Text and photos by SCOTT FYBUSH
If you’ve ever driven the traffic-choked I-4 corridor between Orlando and Tampa, perhaps you’ve stopped for gas or a snack around the halfway mark. That’s Polk County, a booming area that’s right at the point where both metropolitan areas are starting to collide with each other.
Venture a little south of the highway, past the tidy spring training home of the Detroit Tigers at Joker Marchant Stadium, and you’ll find yourself in downtown Lakeland. Aptly named for its location amidst several small lakes, Lakeland was a 1920s boomtown, almost equal in size to Orlando. The New Florida Hotel, which dominated the downtown skyline, became the center of Lakeland’s broadcast scene in 1936 when WLAK hit the airwaves at 1310 on the dial, filling the frequency that had briefly been home to Lakeland’s first radio station, . By 1942 (after moving to 1340 in the NARBA shuffle), WLAK had outgrown its studios in the hotel, moving to a lavish new Art Deco studio building at its transmitter site, a few blocks southeast at the east end of Lime Street on the shore of Lake Bonny.
After World War II, WLAK moved from 1340 to 1430, boosting power to 1000 and then 5000 watts. Its old digs at the New Florida found new life in 1949 as the home of Lakeland’s second radio station, WONN (1230); WONN didn’t stay there long, either, moving to its transmitter site near Lake Hunter a few years later – and then in 1966 to a modern new studio-transmitter plant on West Lime Street.
Joe Garagiola bought WONN in 1971, then sold it in 1976; by 1981, it was in the hands of New England’s Hall Communications, which has owned it ever since. It’s still at that same location on West Lime, but a lot has changed since 1966. There’s a newer facade and a big 1980s addition that doubled the size of the original building. The former WLAK is here, too – after it became WQPD in the 1970s, then WLKF in 1983, it ended up with Hall in 1996. Hall moved 1430 down Lime Street from the old WLAK building into this facility soon afterward, leaving its transmitter behind at the old location. (That building still stands, but is now offices; does anything remain of the original 1940s Art Deco studios under the 1980s faux-Colonial stucco?)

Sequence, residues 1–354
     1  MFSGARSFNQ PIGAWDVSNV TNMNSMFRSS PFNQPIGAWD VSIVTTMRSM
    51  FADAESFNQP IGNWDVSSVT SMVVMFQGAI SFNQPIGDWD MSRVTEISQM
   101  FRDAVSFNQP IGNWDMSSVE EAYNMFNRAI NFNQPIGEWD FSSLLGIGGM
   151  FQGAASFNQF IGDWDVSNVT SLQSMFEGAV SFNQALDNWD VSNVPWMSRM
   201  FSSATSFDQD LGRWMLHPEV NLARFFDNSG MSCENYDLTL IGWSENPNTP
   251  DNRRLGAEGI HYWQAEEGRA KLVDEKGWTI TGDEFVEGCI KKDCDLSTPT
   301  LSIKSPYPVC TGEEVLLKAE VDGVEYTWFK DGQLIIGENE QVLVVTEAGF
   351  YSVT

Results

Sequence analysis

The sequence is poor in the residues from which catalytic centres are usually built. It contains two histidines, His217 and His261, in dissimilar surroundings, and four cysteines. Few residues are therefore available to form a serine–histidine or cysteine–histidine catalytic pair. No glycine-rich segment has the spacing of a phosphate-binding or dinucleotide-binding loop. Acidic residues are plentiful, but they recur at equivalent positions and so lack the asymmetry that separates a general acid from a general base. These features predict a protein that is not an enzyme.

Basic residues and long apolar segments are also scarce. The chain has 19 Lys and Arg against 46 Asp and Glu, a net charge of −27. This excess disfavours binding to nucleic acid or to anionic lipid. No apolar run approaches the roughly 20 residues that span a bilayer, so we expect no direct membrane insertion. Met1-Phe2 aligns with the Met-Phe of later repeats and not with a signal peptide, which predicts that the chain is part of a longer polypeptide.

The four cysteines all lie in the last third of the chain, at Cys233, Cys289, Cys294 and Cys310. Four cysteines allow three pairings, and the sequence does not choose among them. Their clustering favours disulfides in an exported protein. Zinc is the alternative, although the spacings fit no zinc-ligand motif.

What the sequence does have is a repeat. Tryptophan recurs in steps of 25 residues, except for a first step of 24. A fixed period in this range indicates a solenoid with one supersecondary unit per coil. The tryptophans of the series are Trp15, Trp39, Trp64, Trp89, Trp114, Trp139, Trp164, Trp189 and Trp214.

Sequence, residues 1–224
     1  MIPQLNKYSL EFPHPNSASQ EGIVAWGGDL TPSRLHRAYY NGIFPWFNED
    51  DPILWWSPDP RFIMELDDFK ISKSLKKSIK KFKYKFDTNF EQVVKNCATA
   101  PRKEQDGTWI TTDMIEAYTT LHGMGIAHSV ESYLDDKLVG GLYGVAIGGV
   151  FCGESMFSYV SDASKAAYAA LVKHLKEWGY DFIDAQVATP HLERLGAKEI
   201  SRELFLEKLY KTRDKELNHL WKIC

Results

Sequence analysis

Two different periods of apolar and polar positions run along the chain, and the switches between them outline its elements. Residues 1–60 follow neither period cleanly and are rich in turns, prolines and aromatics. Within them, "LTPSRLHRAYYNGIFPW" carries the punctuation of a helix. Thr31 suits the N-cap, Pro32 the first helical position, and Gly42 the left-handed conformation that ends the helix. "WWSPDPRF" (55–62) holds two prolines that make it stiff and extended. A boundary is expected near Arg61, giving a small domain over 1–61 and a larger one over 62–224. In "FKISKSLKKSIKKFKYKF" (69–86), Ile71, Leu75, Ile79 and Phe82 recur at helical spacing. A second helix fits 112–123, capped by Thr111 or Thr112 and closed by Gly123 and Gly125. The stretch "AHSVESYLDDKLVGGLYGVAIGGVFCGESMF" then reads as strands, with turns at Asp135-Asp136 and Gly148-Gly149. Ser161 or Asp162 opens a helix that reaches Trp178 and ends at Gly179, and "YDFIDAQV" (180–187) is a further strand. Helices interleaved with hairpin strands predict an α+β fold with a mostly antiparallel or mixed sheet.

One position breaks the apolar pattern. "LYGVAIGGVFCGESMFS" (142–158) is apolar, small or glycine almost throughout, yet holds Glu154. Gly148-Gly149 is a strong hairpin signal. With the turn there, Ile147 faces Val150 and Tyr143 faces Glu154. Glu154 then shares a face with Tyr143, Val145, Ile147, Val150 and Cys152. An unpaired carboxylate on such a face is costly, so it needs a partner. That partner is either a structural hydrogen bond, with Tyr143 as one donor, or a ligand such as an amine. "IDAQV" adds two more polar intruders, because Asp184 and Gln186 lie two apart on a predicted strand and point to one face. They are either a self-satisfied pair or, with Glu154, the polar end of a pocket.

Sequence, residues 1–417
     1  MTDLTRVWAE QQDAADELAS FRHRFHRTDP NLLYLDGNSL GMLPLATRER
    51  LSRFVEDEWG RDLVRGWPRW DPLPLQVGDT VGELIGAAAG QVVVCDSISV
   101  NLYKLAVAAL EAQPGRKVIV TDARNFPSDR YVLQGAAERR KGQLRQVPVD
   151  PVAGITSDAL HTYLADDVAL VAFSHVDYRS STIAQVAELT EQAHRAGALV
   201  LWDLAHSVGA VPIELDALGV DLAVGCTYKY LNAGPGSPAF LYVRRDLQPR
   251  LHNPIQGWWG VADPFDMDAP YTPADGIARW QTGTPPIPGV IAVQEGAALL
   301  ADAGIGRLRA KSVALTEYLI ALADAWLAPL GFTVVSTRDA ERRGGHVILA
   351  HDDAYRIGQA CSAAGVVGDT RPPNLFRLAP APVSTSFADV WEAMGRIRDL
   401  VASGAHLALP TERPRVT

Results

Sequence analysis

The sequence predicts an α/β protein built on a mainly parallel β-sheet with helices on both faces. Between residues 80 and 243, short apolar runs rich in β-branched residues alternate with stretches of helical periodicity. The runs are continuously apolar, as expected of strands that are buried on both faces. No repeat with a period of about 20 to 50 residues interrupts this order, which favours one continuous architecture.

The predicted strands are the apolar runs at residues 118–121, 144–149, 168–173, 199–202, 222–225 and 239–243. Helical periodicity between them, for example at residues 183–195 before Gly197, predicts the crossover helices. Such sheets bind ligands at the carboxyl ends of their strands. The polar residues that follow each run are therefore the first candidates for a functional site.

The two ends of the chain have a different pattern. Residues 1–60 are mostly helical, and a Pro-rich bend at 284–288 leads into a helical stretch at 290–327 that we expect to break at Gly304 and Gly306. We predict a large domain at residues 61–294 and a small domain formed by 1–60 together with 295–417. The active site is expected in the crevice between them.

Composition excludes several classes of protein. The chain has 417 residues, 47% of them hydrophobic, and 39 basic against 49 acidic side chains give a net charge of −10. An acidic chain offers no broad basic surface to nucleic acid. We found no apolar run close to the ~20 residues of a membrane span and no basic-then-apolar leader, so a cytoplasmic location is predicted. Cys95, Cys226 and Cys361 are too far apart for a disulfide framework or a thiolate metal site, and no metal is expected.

And there are two big FMs here now at the 1960s WONN studios, too, as part of Hall’s “Big 4.” The 100,000-watt voice of WPCV (97.5 Winter Haven) has been a sister to WONN since Garagiola bought in in 1973. With a reach from Orlando to Tampa and beyond, it has become by far the dominant station here – especially after WLAK’s FM sister on 94.1 (originally WVFM, later WEZY) moved its operations down the road to the Tampa market, where it’s now Beasley’s WLLD.
Hall rounded out its “Big 4” in 1997 when it bought little class A WKGF (98.3) down in Arcadia, halfway to Fort Myers. It became WWRZ, “the Rose,” and after a series of power increases and a change of city of license to Fort Meade, WWRZ now serves Lakeland, Polk County and beyond as adult hits “98.3 Max FM.” (It’s in HD, too, carrying WONN and WLKF’s AM programming on its subchannels.)
Our visit in September 2018 found plenty of activity at the station on a Saturday morning, at least on the FM side. These days, WONN’s small studio mostly runs an automated standards format, heard both on 1230 and now on a translator at 107.1 from the tower out back.
WONN sits on one arm of the U-shaped studio complex, with the “Max” studio at the base of the U. There’s a remote underway, and operations manager Mike James is back here at the WWRZ studio running the board.
Across the hall is the control room and talk studio for WLKF’s news-talk format, now heard on a 96.7 translator as well as the original 1430. (There are some historic WLAK pictures on the wall here, a nice nod to the long history of this heritage station.)
WONN’s transmitter and the STLs for the other stations are in a small room off the WLKF studio, backing up to the racks that form one wall of WPCV’s big studio at the top of the “U.”
The big country voice of central Florida is live and local, and if we’d been here in the morning, we’d have seen a live news presence in the small studio next door, which has views into the WWRZ and WONN studios as well.
The rest of the building is mainly sales and management offices, save for a space downstairs that’s been converted into a small performance studio that’s perfect for visits from country artists who stop by WPCV as they’re touring central Florida. (And what tour doesn’t include stops in Orlando and Tampa these days?)
Hall’s stations are by far the dominant players these days in Polk County; aside from out-of-market listening to Tampa and Orlando signals, the only other local stations of note are urban WWAB (1330), several Spanish-language and religious signals and WWBF (1130) from nearby Bartow, with its translator at 102.9 carrying its classic hits format as “WBF.”
It’s a great radio market for another reason, too – there’s no local TV to speak of here. What’s now Hearst-owned independent WMOR (Channel 32) is licensed to Lakeland, where it started as WTMV, but it’s Tampa-based and Tampa-focused these days, ceding Polk County to Hall and its radio competitors.
Thanks to Mike James for the tour!
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